Album Review – Exodus / Persona Non Grata (2021)

Don’t be a “persona non grata” in the world of heavy music and get into the circle pit to the sound of the newborn beast by one of the driving forces of Thrash Metal worldwide.

Persona Non Grata, an unacceptable or unwelcome person, is also the name of the brand new Thrash Metal beast by Bay Area titans Exodus, their first studio album since Blood In, Blood Out in 2014 and their second to feature vocalist Steve “Zetro” Souza since he returned to the band that same year. Recorded at drummer Tom Hunting’s three home studios in Lake Almanor, California, mixed by Andy Sneap at Backstage Studios, engineered by Steve Lagudi, displaying an ass-kicking, venomous artwork by Pär Olofsson, and featuring guests Rick Hunolt, who had been an Exodus member on and off since replacing original guitarist Kirk Hammett in 1983, and Zetro’s own sons Nick Souza and Cody Souza on backing vocals, both from Zetro’s band Hatriot, Persona Non Grata is another lesson in violence by the aforementioned Zetro and Tom together with guitarists Gary Holt and Lee Altus and bassist Jack Gibson, and despite the delay in the release of the album due to Gary’s commitments with Slayer until 2019 and Tom’s diagnosis with squamous cell carcinoma of the stomach (and I’m sure Tom will beat the shit out of it), the wait was totally worth it as their new album is undoubtedly one of the best releases in the world of metal in 2021.

Gary and Lee waste no time and begin their axe attack in great fashion in the pulverizing title-track Persona Non Grata, a lecture in savagery by Exodus uniting their early days sound with their heavier and more demonic present, also showcasing a beyond bestial Tom on drums;  and they keep hammering our heads mercilessly in the circle pit-generator R.E.M.F., presenting another awesome guitar job by Gary and Lee supported by the metallic bass by Jack, while Zetro vociferates rabidly just the way we like it. Then an incendiary intro evolves into another Thrash Metal extravaganza titled Slipping into Madness, which will inspire you to slam into the pit in the name of heavy music. It’s very old school without sounding outdated, with Zetro once again being on fire with his raspy roars, whereas in Elitist the band sounds less intense but still violent and acid as usual, with Jack and Tom extracting earthshaking sounds from their respective bass and drums while the band’s guitar duo delivers their trademark sharp solos. Sinister sounds permeate the air in Prescribing Horror, a neck-breaking, vile creation by Exodus where Tom smashes his drums flawlessly, followed by The Beatings Will Continue (Until Morale Improves), a pure, unfiltered Bay Area Thrash hymn which will sound amazing when played live, with Zetro, Gary and Lee being in total sync from start to finish.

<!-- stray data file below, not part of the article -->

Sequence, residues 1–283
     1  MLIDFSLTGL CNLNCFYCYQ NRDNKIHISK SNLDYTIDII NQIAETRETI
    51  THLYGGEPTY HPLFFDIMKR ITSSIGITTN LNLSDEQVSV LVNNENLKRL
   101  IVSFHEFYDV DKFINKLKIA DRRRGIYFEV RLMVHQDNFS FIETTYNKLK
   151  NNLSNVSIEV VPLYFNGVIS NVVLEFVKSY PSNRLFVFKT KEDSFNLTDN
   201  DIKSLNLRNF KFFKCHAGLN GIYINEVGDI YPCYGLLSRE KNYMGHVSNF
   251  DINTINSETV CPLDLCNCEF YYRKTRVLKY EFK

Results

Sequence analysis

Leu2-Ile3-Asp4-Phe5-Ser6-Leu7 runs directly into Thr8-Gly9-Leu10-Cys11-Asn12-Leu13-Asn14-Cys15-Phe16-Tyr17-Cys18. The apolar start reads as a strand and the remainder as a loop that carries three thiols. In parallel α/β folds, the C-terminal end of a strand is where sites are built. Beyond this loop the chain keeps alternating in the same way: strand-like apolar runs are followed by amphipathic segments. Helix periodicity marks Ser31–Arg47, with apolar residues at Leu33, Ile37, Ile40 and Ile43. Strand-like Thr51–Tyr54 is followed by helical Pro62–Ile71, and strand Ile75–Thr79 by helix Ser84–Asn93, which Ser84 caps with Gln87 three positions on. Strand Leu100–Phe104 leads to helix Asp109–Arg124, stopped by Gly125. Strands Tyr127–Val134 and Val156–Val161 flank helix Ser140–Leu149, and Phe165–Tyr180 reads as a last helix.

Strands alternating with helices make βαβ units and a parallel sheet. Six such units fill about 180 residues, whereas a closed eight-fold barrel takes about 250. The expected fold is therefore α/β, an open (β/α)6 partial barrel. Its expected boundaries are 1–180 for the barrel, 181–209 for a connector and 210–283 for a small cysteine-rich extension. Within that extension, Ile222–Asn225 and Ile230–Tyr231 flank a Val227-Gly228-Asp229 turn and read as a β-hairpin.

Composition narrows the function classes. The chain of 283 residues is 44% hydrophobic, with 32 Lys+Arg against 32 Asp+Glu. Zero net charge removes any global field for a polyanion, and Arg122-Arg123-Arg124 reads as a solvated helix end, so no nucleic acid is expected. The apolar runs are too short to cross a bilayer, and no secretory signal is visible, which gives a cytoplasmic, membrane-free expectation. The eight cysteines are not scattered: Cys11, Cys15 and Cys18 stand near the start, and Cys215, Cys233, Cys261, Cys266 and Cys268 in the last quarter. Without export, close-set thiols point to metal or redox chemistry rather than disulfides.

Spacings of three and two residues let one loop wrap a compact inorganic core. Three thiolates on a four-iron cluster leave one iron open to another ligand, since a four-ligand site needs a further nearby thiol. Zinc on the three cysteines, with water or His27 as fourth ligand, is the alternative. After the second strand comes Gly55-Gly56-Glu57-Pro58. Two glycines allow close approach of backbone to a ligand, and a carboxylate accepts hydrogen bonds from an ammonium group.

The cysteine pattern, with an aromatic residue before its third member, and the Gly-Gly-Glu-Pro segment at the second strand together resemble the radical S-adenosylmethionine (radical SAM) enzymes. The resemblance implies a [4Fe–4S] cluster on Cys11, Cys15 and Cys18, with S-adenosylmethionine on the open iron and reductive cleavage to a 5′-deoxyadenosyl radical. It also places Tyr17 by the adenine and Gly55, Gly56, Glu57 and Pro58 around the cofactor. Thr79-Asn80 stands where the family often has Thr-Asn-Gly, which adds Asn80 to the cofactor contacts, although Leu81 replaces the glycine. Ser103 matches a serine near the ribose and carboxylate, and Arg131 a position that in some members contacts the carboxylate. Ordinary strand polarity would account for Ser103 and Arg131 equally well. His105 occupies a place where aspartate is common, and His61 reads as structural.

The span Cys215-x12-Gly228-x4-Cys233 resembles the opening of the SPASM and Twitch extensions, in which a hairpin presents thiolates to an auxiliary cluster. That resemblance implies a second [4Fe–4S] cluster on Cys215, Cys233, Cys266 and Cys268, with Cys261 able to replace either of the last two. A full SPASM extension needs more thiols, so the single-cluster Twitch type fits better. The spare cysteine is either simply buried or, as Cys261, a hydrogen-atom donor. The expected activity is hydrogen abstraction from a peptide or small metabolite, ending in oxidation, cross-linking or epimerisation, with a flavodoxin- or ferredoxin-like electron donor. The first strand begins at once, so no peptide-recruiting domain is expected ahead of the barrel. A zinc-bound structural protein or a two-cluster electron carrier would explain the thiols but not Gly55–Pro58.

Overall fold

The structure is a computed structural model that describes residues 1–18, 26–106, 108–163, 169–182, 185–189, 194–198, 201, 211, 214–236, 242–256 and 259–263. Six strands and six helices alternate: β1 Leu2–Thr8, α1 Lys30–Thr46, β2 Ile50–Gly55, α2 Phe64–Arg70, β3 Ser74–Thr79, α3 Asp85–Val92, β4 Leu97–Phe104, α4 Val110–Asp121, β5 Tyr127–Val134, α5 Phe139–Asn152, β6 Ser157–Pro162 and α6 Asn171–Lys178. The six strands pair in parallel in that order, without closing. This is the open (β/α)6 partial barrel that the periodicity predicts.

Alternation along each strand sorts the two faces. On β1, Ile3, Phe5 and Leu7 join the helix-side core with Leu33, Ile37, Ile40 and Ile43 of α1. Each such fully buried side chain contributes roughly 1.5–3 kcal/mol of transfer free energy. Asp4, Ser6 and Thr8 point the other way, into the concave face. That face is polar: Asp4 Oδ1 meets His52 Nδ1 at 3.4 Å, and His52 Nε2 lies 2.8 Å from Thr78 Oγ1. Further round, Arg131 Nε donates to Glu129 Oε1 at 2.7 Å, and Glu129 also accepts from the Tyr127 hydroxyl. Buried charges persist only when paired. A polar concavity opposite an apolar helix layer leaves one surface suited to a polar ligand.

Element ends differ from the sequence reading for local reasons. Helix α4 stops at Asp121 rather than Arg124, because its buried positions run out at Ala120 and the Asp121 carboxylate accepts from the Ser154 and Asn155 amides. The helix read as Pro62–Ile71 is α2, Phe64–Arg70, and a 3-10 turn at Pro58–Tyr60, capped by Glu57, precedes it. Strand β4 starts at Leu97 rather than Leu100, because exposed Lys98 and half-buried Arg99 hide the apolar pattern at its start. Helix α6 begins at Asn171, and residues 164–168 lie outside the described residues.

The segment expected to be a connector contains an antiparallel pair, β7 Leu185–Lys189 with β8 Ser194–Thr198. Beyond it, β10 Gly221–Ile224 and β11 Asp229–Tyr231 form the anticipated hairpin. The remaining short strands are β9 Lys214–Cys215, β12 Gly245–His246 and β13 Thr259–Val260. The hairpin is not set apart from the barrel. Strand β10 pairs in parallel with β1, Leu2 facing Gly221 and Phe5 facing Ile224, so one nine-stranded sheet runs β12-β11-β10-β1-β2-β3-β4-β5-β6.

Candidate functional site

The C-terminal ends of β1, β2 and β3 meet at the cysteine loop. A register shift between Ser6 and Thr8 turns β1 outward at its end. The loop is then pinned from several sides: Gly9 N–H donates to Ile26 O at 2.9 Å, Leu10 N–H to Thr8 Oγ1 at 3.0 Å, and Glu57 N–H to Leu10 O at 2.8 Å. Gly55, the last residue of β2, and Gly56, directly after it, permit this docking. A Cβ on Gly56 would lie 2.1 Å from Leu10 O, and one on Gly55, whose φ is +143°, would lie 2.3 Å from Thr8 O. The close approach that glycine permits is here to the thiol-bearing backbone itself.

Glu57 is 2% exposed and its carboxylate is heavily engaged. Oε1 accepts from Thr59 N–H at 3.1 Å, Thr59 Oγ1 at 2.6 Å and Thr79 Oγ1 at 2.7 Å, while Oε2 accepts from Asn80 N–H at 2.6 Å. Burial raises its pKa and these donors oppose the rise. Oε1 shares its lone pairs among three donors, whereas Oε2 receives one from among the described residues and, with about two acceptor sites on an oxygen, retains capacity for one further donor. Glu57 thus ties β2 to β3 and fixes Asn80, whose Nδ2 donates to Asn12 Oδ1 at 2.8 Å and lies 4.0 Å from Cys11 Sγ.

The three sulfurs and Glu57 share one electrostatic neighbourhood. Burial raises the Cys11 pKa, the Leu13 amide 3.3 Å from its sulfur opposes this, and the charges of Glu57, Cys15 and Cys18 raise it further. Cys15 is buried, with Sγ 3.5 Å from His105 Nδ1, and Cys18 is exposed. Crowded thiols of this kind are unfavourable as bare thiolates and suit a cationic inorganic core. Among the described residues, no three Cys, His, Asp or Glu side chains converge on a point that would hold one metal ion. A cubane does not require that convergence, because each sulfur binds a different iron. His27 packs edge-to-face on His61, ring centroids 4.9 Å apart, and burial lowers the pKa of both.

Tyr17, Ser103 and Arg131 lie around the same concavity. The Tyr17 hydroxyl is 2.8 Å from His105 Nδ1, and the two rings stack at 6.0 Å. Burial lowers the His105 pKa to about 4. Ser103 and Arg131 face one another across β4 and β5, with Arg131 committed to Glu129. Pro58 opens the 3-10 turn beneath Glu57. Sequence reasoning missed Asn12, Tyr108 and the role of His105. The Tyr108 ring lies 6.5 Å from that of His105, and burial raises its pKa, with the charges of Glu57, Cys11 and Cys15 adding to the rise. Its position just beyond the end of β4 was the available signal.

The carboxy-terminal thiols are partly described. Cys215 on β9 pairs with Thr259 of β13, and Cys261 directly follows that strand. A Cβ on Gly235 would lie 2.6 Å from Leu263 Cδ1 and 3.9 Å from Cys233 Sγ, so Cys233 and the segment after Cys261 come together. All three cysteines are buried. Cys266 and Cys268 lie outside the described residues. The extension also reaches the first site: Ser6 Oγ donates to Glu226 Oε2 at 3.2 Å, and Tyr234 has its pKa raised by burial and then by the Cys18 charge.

Exodus Persona Non Grata Box Set

The Years of Death and Dying is a lot more melodic than its predecessors, offering their trademark unfriendly lyrics (“I’m a force of nature pure and sure / I’ve killed through all of time / When a GALE force wind blows through you / You’ll know that you are mine / I am legend, I’m your end / You’ll wither when I’m near / I’m the years of death and dying / the sum of all your fears”), while in Clickbait the unstoppable Zetro gnarls the song’s austere words manically (“We take the clickbait / Follow as they lead / With every word they captivate / We blindly follow they trail like human sheep / Never awake always asleep”) accompanied by the brutality blasted by Tom on drums. After the short and sweet Southern Rock-inspired instrumental interlude Cosa del Pantano, the band comes crushing us all in Lunatic-Liar-Lord, featuring a sick guitar solo by Rick Hunolt while the band brings to our ears eight minutes of aggression, speed and adrenaline, all spearheaded by the undisputed riffage by the one and only Gary Holt. There’s no sign of slowing down and the quintet keeps delivering sheer electricity and rage in The Fires of Division, another Thrash Metal anthem perfect for hitting the “dance” floor while Zetro continues to fire his unique growls; and closing such dense and demolishing album of vicious thrash we have Antiseed, starting in a dark manner before exploding into a massive, evil creature led by the aggressive vocals by Zetro and the heavy-as-hell riffage by Gary and Lee.